Page images

freed, by their ever-blessed and victorious Re. deemer. He, therefore, who, by virtue of that heavenly union, is made unto us of God, wisdom, righteousness, sanctification, is also upon the same ground made unto us our full redemption. Redemption implies a captivity.--We are naturally under the woeful bondage of the law, of sin, of miseries, of death. The law is a cruel exacter ; for it requires of us what we cannot now do, and whips us for not doing it; “For the law worketh wrath,” Rom. iv. 15; and, “ As many as are of the works of the law, are under the curse,” Gal. iii. 20. Sin is a worse tyrant than the law, and takes advantage to exercise its cruelty by the law ; “For when we were in the flesh, the motion of sins, which were by the law, did work in our members to bring forth fruit unto death,” Rom. vii. 5. Upon sin necessarily follows misery, the forerunner of death; and death, the upshot of all miseries : “ By one man sin entered into the world, and death by sin; and so death passed upon all men, for that all have sinned,” Rom. v. 12. From all these is Christ our redemption : from the law; “ For Christ hath redeemed us from the curse of the law, being made a curse for us,” Gal. iii. 13. From sin ; “ For we are dead to sin, but alive unto God through Jesus Christ our Lord,” Rom. vi. 11. “Sin shall not have dominion over you, for ye are not under the law, but under grace,” Rom. vi. 14. From death, and therein from all miseries : “ O death, where is thy sting? O grave, where is thy victory? The sting of death is sin; and the strength of sin 18 the law: but thanks be to God, which giveth us the victory through our Lord Jesus Christ,” I Cor. xv. 55–57. Now, then, let the law do its worst,

[ocr errors]

“we are not under the law, but under grace,” Rom. vi. 14. The case, therefore, is altered betwixt the law and us. It is not now a cruel taskmaster, to beat us to, and for our work; it is our schoolmaster, to direct and to whip us unto Christ. It is not a severe judge, to condemn us; it is a friendly guide, to set us in the way towards heaven. Let sin join its forces together with the law, they cannot prevail to our hurt;“For what the law could not do, in that it was weak through the flesh, God send. ing his own Son in the likeness of sinful flesh, condemned sin in the flesh; that the righteousness of the law might be fulfilled in us, who walk not after the flesh, but after the Spirit,” Rom. viii. 3, 4. Let death join its forces with them both, we are yet safe; “For the law of the Spirit of life hath freed us from the law of sin and of death,” Rom. viii. 2. What can we therefore fear, what can we suffer, while Christ is made our redemption ?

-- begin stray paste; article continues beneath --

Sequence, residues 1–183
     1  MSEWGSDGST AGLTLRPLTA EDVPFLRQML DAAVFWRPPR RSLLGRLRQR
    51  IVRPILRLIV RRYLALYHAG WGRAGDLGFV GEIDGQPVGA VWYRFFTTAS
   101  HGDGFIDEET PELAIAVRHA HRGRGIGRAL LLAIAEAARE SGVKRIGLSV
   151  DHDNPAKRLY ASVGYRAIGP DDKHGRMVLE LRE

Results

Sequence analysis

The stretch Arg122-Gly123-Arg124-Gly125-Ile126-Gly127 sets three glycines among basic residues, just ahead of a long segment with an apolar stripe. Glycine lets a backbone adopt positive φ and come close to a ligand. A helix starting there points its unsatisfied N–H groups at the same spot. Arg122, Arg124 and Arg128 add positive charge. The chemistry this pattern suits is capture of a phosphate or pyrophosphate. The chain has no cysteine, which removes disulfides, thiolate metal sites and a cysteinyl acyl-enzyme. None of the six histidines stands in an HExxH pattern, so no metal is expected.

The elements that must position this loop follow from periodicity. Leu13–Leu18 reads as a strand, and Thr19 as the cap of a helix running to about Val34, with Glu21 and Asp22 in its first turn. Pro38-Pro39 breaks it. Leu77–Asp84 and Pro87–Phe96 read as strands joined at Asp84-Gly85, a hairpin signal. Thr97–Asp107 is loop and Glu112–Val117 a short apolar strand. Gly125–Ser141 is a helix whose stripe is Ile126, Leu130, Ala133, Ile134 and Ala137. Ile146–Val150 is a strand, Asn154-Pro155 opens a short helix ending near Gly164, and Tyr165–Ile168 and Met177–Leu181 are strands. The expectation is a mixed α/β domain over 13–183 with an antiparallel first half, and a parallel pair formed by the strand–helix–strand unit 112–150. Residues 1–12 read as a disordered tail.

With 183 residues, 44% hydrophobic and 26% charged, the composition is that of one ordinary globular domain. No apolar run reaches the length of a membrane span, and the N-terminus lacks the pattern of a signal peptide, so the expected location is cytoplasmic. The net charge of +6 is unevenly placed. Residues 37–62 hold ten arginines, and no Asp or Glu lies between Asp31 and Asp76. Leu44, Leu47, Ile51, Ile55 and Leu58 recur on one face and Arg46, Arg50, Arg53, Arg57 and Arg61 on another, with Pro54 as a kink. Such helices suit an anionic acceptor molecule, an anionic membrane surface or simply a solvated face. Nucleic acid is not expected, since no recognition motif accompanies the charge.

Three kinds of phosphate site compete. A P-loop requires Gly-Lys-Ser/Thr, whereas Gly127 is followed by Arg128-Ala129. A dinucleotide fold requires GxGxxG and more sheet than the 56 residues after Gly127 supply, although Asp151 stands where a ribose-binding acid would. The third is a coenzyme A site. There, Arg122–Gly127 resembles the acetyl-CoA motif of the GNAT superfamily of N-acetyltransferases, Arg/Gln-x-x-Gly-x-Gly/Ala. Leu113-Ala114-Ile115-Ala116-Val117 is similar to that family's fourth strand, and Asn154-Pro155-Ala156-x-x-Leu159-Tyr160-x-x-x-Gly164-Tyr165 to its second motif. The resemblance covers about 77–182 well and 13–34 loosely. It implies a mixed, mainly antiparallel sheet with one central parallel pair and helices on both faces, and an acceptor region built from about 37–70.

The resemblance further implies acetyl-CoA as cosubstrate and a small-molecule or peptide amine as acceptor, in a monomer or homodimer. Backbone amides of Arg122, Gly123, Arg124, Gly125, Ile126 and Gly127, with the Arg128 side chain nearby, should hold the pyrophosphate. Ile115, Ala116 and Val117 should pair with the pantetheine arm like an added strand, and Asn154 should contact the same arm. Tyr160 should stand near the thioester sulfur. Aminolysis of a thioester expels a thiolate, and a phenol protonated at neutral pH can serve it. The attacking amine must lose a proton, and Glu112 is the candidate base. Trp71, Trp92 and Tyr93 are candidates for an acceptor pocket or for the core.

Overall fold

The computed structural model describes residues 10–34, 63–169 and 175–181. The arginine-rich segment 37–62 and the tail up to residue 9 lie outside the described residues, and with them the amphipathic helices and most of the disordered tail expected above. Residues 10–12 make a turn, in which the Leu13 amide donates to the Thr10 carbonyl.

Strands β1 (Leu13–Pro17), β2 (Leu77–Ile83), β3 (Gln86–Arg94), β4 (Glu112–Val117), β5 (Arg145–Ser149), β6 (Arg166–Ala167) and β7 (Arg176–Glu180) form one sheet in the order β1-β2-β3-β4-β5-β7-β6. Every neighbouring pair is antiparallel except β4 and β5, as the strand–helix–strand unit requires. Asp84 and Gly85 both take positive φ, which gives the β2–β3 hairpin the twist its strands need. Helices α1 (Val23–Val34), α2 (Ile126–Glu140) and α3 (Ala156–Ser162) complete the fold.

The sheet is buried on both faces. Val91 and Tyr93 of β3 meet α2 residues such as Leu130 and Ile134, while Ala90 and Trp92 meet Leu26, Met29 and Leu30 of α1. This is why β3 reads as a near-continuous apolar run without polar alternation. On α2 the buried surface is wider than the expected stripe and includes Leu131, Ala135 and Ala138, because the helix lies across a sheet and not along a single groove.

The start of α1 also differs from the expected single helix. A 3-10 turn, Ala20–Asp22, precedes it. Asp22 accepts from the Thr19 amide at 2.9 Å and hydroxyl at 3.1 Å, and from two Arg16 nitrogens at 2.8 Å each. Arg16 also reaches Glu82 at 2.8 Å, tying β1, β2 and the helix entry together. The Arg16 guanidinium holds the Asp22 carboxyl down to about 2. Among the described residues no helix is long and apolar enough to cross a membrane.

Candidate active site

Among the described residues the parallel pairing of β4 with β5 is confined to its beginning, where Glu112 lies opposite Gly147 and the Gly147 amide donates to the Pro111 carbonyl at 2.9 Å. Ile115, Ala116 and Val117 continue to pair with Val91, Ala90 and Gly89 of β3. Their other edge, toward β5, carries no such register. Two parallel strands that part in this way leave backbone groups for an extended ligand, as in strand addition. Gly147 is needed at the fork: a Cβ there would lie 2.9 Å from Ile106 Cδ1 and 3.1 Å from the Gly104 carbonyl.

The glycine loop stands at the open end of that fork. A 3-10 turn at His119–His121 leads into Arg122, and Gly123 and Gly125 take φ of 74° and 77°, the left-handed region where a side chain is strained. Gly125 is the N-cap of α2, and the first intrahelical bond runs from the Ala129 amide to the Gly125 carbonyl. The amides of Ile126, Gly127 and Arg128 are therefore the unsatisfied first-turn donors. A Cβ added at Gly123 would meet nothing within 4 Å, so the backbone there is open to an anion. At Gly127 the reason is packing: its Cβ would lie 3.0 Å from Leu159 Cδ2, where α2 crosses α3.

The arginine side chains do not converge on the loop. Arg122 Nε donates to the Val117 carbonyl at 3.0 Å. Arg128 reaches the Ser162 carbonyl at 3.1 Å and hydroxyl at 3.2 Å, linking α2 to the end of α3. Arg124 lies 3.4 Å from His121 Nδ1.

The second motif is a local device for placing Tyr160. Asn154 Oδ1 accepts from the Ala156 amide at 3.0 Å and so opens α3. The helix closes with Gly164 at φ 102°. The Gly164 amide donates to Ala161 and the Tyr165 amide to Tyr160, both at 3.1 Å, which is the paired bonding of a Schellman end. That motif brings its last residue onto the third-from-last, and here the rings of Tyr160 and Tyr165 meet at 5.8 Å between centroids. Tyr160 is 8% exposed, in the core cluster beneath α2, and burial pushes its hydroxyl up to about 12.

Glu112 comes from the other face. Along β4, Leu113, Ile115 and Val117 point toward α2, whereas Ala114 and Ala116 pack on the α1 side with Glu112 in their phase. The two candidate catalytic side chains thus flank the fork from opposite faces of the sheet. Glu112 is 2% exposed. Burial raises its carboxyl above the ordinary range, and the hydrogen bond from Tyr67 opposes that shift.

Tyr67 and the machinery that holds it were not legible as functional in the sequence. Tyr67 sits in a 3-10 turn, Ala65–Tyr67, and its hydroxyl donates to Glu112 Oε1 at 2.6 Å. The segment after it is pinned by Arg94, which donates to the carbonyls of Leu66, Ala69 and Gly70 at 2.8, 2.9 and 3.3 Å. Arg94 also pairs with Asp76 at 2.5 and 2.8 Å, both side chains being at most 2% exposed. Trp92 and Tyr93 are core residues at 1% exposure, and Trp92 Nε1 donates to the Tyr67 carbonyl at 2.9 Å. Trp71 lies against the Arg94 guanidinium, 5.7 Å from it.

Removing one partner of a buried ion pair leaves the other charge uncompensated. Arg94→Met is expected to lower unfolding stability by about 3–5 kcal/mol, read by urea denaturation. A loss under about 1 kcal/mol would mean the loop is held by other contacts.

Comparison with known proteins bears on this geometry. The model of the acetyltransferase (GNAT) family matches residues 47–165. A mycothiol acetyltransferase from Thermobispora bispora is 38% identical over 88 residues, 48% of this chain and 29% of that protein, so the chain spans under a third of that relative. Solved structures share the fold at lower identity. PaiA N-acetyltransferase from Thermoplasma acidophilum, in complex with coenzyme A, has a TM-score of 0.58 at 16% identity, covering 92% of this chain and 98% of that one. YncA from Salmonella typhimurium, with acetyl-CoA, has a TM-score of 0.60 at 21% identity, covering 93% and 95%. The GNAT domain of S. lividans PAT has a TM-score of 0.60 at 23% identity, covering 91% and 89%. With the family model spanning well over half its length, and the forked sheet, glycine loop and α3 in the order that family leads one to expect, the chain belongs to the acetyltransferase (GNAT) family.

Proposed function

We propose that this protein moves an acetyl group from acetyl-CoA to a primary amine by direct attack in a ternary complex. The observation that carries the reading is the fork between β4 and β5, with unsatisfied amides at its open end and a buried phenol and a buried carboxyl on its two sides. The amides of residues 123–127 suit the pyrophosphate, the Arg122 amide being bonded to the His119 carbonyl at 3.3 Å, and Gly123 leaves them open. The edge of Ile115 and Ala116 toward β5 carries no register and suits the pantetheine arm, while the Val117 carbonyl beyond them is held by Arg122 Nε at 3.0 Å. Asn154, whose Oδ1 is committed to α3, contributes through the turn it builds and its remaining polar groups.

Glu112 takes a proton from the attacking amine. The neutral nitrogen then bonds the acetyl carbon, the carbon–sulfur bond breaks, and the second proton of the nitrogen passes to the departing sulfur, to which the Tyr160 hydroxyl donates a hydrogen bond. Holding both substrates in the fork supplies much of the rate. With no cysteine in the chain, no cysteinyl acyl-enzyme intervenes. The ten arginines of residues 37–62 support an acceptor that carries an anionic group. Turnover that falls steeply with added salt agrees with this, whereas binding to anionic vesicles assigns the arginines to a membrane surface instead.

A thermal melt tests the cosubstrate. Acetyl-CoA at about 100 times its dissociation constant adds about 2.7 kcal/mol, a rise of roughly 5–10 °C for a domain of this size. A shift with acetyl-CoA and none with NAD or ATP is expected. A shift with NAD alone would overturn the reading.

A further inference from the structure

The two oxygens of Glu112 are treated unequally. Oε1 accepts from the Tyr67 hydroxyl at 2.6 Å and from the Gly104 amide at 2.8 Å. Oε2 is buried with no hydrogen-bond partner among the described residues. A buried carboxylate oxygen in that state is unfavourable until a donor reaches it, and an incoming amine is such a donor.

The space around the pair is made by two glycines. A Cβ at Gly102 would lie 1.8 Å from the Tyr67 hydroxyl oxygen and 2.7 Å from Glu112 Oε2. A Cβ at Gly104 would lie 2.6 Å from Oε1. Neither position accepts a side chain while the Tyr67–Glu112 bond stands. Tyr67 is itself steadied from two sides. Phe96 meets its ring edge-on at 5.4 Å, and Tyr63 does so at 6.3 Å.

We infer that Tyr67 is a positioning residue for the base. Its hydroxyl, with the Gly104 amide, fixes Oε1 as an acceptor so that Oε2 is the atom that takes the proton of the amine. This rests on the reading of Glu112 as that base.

Finally, as thus Christ is made unto us wisdom, righteousness, sanctification, and redemption; so whatsoever else he either is, or hath, or doth, by virtue of this blessed union, becomes ours : he is our “riches,” Eph. i. 7; our “ strength,” Psa. xxvii. 1; xxviii. 7 ; our “ glory," Eph. i. 18; our " salvation,” 1 Thess. v.9, Isa. xii. 2; our“ all,” Col. iii. 11. He is all to us; and all is ours in him. Sect. XVII. The external privileges of this union,

a right to the blessings of earth and heaven.

From these primary and intrinsical privileges, therefore, flow all those secondary and external: wherewith we are blessed; and therein a righ all the blessings of God, both of the right ha and of the left, and interest in all the good thir



both of earth and heaven. Hereupon it is
the glorious angels of heaven become our &
ians, keeping us in all our ways, and wors
secretly for our good upon all occasio
God's creatures are at our service; tha
true spiritual title to them. 6 All things are you
(saith the apostle, 1 Cor. üi. 22, 23,) an
Christ's, and Christ is God's.”

But take heed, my son, of misı
or of making it in such a manner as
not. There is a civil right that mus
property in these earthly things ; o
neither gives us possession of

upon all occasions; that all at our service; that we have a

Cor. iii. 22, 23,) “and ye are

[ocr errors]

man hath and must have Walau
purchase, gift, or inheritance
otherwise there would folloy
in the world ; we could new
own, and only will and mig
of all men's estates; which

[ocr errors]

Sanrionne can sufficientiy

evince. This right is no

surpation of that which Out over to others. The bery, no oppression in